Britain’s trade relationship with the EU will have to be separately negotiated within two years as stipulated in Article 50. If this deadline is not met WTO rules will apply. This will entail tariffs and no special arrangements for services. Almost half of the UK’s exports go to Europe and this makes the negotiations on a trade agreement pivotal.

Experts are convinced that under the circumstances the most feasible arrangement is the one granted by the EU to the European Free Trade Association (Norway, Iceland, Switzerland and Liechtenstein). In return for access to the ‘single market’, members of the group make hefty contributions to the EU budget and are obliged to accept its bedrock principle of free movement of labour – the very issues that prompted the British leave vote.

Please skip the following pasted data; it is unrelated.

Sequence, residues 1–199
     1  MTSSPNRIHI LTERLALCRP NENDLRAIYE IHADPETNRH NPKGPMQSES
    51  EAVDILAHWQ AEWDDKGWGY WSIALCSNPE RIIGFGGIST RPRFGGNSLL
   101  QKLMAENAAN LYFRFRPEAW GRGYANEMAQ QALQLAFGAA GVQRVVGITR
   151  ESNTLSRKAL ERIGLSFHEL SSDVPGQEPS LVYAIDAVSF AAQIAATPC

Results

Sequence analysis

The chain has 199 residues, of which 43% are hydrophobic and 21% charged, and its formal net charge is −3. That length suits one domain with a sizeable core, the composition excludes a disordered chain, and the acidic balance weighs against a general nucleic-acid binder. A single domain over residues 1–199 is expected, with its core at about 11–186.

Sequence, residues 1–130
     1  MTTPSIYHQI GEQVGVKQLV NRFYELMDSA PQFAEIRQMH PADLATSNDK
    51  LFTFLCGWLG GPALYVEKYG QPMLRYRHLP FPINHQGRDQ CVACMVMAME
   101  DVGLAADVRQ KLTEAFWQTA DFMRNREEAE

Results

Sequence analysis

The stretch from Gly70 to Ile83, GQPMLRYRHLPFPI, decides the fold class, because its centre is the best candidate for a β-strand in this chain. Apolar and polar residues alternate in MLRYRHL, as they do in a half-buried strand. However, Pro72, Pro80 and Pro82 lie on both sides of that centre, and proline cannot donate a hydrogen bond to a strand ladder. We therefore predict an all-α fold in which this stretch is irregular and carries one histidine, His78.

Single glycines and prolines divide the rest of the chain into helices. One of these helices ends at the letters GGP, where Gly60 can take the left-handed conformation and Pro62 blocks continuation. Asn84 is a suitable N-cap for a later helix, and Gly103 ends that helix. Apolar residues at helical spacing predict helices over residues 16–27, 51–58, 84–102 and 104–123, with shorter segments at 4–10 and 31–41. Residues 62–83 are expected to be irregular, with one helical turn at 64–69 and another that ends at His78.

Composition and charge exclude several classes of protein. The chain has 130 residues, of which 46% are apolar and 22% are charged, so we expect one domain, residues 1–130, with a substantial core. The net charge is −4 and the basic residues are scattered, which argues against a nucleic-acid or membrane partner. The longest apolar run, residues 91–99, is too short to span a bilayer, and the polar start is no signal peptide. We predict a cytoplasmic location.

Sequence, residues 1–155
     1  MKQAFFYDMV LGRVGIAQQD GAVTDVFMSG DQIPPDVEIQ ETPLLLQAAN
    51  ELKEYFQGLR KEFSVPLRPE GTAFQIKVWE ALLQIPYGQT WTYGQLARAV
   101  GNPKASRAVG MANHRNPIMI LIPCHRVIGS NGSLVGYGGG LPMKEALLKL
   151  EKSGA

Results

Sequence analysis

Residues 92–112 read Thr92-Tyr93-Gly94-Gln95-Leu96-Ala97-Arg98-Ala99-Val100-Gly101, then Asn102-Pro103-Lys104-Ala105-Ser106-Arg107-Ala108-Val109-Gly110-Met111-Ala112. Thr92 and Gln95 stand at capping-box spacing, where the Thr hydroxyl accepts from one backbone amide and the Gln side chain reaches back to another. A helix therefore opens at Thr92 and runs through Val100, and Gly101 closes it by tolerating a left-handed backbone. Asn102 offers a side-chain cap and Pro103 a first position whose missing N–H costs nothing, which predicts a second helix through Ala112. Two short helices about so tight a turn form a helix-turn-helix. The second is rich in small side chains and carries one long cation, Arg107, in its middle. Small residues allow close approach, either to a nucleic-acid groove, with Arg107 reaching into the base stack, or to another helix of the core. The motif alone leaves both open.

In effect, this amounts to a humiliating commitment to abide by all the EU regulations without having a corresponding right to frame these rules. The silver lining is that such a settlement offers the best chance of preventing the secession of Northern Ireland and Scotland.